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Wisdom for the ages infuses spirited mountain biking and travel adventures fueled by a vegan/plant-based lifestyle.

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yup, only worse…

yup, only worse…

Adventure: Patagonia

Adventure: Patagonia

We made it-welcome to the wild wonderful world of Patagonia!

We made it-welcome to the wild wonderful world of Patagonia!

Chilean poet Pablo Neruda wrote “Love is so short, forgetting is so long” and that captures exactly how I feel about Patagonia. Patagonia, you are my heart. My visit was one short week, and yet I still think about that sacred place everyday and dream of going back. There are a million ways to experience the magnificent scale and staggering beauty of Patagonia's 400,00 square miles, it would take many lifetimes. I won't be delivering a comprehensive travelogue in this post, go to Patagonia for an excellent orientation and overview of options. Instead, this recount is my introductory visit to a land that blew my mind and stole my heart all at once.

‘I've graduated from roughing it, my travel motto is now 'dirt by day, lux by night'. ‘

The Yurt sunsets were otherworldly.

The Yurt sunsets were otherworldly.

This trip, with dear pals, was earmarked as the celebration of our collective 60-year-old birthdays, so we went big and booked Patagonia Camp in Chile on the recommendation of other seasoned travelers. Patagonia Camp is the first luxury camp in South America and their stellar reputation is well-earned. The setting is very remote and drop-dead gorgeous. The exquisite attention to detail, the 5-star comfort of the lodge and yurts, the gourmet food, and world-class guides all combined to make this trip a gracious and memorable introduction to our Third Age. I've graduated from roughing it, my travel motto is now 'dirt by day, lux by night'. I am happy to adventure, challenge, play hard, even suffer a bit all day, but at night? I want that hot shower, big white king-sized bed, and a hearty meal waiting for me!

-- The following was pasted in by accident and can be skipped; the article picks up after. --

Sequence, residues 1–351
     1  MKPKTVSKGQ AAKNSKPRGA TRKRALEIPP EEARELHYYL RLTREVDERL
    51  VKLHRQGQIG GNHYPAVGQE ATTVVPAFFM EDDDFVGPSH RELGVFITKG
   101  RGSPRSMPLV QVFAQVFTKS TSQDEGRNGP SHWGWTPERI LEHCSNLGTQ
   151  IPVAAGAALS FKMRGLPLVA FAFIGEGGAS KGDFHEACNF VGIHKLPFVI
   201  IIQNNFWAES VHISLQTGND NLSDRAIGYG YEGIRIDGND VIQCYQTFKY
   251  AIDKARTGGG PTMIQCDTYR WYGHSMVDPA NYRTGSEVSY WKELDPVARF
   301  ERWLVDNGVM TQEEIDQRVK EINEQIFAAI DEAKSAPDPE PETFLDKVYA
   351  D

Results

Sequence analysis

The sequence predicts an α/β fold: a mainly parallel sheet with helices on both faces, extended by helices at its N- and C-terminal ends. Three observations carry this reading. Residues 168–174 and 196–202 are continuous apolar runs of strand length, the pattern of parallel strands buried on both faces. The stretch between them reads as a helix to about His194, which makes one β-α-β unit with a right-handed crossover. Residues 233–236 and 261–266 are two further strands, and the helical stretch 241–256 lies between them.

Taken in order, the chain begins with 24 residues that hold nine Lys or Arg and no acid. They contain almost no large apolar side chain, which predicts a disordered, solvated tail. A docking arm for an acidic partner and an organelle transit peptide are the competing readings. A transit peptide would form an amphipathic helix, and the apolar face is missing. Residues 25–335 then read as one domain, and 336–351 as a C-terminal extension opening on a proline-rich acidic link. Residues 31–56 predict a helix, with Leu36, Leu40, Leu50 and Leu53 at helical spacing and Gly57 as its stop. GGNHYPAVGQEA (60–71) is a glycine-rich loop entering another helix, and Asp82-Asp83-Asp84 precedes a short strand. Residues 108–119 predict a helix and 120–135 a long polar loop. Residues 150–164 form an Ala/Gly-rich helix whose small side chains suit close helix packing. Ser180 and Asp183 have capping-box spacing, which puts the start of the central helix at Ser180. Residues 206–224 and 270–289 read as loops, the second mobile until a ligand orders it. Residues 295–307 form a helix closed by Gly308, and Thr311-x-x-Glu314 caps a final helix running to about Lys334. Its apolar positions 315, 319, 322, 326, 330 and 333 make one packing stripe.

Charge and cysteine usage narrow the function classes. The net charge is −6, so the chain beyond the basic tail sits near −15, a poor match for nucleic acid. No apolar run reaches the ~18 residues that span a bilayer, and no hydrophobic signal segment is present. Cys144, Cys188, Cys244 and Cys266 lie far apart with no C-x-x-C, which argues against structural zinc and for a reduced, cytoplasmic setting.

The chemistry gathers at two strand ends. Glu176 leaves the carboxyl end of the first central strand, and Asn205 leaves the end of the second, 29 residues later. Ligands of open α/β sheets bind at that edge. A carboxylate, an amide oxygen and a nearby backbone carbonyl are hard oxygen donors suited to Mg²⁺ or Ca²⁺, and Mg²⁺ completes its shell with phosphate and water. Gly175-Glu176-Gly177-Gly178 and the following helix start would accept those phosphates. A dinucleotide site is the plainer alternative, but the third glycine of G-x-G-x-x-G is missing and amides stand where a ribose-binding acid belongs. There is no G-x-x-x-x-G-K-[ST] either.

The yurts were sleekly sophisticated and oh so comfy after a big mountain day.

The yurts were sleekly sophisticated and oh so comfy after a big mountain day.

Probably my favorite view from our base camp. It doesn’t matter where you look— it all looks like this!

Probably my favorite view from our base camp. It doesn’t matter where you look— it all looks like this!

We found all of the Patagonia Camp guides to be highly enthusiastic, educated, and engaging.

We found all of the Patagonia Camp guides to be highly enthusiastic, educated, and engaging.

Traveling and hiking in a slow group of eight to ten is not our level of sexy (NOLS) so we quickly ascertained that if we talked to the head guide about our desires, we could get the hikes we wanted with a smaller, fitter group. This was especially critical on the highlight hike, Base De Las Torres. A spectacular 14-mile trek and 4+ hour drive–you gotta move on this route and if you are lucky, you'll be back at camp for a very late dinner. The charming, expert guides have a lot of whims to juggle, so make your desires known in a friendly, firm manner– they want to make your Patagonia dreams come true. The French Valley hike is stunning, along with the not-to-be missed Grey Glacier boat excursion. For a rest-day, the hiking right out of our yurt was fabulous, too, the bonus being around for the delicious three-course lunch served daily. Patagonia Camp is a wonderful way to travel with friends and family; if you have a variety of aspirations and fitness levels in your group, the hikes are custom-planned and everyone gets to choose their own thing and feel great about it.